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light as a leaf..
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The enjoyment of fine sound without disturbing weight, independent of noisy surroundings. The sensitivity that hears the rustle of a falling leaf. This is AKG Stereo Headphone K50.
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MICROPHONES
LAS VEGAS
NEWSLETTER
by Tommy Hodges
BRITISH JAZZ ORGANIST ALAN HAVEN, OF WHOM I HAD READ in Crescendo but never heard, lived up to his plaudits while doing a month on the late shift at the Thunderbird lounge.
I didn’t get to talk with him because I’m also working in the wee small hours and invariably had to rush back to my own gig at the Silver Slipper.
Brian Gladwell’s item on the Nitwits in the January issue brings to mind that this famous group of musical comedians is currently the star turn in the ‘Lido de Paris’ extravaganza at the Stardust Hotel. I believe this is their third appearance in Las Vegas and Syd Flood’s moustache is one >of the best known tourist attractions on the Strip!
Las Vegas trombonist Carl Fontana is rejoining the Woody Herman Herd for its European tour and I can’t emphasize enough how important I think it is for all trombonists, British and otherwise, to hear this neglected master of the instrument. If it is at all possible, I beg Pete King or some other far-sighted jazz entrepreneur to spirit him away, if only for a few hours, provide the best rhythm section available and I guarantee a musical experience that will not easily be forgotten, especially for ’bone men. Incidentally, it has been my unfortunate experience to take Carl’s place in a number of bands in Las Vegas and I’m just about getting used to being on the wrong end of the inevitable comparisons . . , talk about being damned by faint praise! Sal Nistico is also slated to rejoin the Herd for the tour.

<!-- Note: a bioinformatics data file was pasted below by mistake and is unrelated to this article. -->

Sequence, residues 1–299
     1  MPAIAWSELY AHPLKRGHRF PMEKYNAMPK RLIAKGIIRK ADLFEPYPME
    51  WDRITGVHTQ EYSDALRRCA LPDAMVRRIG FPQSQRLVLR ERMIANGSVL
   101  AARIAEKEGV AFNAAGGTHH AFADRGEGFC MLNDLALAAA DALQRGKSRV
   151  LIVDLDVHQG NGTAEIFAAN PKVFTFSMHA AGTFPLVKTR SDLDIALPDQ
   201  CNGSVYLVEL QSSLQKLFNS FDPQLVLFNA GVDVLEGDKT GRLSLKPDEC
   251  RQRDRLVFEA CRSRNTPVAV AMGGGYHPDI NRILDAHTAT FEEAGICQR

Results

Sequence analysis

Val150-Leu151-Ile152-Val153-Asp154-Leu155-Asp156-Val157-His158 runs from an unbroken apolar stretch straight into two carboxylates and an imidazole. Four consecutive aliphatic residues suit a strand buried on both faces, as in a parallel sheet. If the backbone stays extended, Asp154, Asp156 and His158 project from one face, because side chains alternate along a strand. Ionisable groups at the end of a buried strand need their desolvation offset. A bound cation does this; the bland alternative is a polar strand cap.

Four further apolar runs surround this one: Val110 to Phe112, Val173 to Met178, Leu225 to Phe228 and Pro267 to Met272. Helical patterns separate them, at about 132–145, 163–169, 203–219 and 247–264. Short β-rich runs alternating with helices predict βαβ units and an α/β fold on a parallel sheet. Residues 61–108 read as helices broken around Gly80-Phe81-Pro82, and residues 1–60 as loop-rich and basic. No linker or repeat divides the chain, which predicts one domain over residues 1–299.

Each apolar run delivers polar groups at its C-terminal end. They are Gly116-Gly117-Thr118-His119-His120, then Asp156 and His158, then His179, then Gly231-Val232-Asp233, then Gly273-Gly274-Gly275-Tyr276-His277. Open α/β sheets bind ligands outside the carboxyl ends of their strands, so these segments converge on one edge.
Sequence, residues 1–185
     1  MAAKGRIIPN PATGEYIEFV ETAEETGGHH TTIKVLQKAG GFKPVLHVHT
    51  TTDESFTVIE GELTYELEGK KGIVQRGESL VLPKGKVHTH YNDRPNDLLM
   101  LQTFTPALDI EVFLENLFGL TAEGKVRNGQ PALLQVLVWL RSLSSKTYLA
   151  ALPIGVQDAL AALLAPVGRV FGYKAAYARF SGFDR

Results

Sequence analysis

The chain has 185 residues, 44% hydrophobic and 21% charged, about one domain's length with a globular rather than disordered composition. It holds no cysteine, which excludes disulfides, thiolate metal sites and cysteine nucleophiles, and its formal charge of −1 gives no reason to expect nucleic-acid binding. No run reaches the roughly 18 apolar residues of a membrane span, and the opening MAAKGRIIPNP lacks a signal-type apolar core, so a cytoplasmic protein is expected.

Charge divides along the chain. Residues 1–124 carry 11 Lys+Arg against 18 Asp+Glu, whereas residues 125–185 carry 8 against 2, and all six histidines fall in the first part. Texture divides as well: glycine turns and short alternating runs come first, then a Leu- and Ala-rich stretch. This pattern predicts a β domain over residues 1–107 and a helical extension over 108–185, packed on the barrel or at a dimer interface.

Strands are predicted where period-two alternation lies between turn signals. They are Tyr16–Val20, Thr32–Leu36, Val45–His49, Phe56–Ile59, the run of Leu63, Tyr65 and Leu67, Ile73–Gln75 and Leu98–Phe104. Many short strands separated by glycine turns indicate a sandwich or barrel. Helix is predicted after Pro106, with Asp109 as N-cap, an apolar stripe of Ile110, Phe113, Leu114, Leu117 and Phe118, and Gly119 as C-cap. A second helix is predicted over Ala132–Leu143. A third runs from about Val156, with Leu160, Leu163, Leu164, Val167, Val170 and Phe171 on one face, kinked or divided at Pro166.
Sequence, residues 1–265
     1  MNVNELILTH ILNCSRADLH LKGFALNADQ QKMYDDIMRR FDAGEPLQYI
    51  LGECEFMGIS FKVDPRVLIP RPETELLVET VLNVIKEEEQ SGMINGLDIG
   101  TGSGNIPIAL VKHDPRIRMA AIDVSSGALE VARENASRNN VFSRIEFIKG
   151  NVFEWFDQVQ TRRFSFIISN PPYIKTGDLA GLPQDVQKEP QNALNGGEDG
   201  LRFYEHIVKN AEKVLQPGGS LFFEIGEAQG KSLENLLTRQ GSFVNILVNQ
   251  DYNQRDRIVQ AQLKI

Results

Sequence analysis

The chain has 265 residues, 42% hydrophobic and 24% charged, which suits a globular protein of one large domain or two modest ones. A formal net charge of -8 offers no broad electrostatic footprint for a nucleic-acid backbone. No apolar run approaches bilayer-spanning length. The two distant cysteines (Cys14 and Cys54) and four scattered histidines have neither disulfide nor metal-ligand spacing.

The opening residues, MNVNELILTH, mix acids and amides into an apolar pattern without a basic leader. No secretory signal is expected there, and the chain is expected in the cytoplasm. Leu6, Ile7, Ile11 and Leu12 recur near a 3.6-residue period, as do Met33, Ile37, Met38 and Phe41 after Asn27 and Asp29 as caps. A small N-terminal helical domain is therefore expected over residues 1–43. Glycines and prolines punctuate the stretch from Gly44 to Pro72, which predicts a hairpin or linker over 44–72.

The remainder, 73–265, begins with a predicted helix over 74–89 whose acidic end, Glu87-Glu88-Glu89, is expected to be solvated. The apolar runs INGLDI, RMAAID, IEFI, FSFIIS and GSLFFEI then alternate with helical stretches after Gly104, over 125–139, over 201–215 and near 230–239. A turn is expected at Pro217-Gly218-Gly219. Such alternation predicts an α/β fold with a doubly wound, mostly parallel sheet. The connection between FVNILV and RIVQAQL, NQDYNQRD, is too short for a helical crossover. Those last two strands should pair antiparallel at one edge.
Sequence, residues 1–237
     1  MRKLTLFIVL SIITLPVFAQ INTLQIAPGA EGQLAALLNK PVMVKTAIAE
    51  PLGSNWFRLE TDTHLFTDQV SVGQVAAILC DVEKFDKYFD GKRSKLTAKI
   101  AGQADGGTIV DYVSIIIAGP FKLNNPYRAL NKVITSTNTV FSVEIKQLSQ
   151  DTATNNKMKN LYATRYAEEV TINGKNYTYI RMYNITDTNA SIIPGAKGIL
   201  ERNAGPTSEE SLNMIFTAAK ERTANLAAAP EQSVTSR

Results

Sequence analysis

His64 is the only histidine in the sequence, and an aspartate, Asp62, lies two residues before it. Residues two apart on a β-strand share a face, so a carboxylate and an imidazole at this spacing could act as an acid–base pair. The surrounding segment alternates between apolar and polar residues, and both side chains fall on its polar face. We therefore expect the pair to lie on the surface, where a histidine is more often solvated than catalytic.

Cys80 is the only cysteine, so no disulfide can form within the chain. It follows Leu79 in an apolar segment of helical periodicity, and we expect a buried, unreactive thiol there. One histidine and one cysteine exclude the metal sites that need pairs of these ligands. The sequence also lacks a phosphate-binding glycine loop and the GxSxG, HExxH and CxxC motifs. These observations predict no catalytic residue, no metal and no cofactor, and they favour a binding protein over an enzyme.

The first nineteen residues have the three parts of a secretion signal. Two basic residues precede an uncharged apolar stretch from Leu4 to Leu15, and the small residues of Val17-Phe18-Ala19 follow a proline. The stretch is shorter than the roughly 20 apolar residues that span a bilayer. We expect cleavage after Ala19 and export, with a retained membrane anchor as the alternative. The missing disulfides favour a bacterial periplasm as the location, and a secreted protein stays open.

Oriental revues have long been a rather boring feature of Las Vegas night-life, so it was particularly gratifying when the much-heralded ‘Tokyo by Night’ closed after a few weak performances at the Riviera and the management hastily summoned Sarah Vaughan backed by the excellent Bob James Trio to fill in. Needless to say, the Riviera lounge is swingin’ again.
The Four Freshmen followed the afore-mentioned Alan Haven into the Thunderbird and, along with Sue Raney, maintained their usual high standards. It is not generally known that these young veterans play a wide range of instruments and play them extremely well, too, which makes the job of the accompanying musicians so much easier and more enjoyable. The same can be said for Buddy Greco, currently at the Sands Lounge, who plays too little piano in his otherwise impeccable vocal act. The Sands, incidentally, which is just now recovering from the fantastic business created by the Sinatra-Basie package, intends to top it by bringing in ‘the thin singer’ and Dean Martin together in the Copa Room and concurrently feature Count Basie in the Celebrity Lounge. Conservative estimates are that this triple-threat blockbuster, scheduled for late April to coincide with the hundred-thousand-dollar Tournament of Champions golf classic at the Dessert Inn, will set the Sands back a similar figure . . . per week!